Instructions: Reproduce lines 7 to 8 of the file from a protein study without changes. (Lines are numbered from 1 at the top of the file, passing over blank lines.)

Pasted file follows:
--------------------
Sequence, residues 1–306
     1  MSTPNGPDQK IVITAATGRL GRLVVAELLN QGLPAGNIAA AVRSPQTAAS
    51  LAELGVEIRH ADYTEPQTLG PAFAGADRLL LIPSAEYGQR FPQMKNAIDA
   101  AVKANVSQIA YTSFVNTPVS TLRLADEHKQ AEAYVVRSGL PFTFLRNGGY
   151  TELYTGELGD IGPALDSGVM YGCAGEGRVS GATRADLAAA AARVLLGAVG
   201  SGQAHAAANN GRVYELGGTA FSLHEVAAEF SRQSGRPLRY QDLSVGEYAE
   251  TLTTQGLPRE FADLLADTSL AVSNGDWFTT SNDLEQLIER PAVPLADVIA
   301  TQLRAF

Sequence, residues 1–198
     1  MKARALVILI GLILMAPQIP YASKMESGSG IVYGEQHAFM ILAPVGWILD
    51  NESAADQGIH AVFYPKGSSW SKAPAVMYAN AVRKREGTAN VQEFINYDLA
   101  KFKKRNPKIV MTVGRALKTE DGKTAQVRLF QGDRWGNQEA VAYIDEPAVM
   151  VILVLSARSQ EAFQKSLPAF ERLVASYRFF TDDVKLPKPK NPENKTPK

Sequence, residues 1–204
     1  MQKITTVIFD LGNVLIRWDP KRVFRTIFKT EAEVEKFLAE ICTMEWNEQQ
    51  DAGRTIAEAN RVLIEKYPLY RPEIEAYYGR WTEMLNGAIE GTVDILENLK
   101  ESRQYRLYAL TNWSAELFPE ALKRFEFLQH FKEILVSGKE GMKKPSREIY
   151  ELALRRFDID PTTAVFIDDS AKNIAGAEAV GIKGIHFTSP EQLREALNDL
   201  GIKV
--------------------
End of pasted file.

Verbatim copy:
   251  TLTTQGLPRE FADLLADTSL AVSNGDWFTT SNDLEQLIER PAVPLADVIA
   301  TQLRAF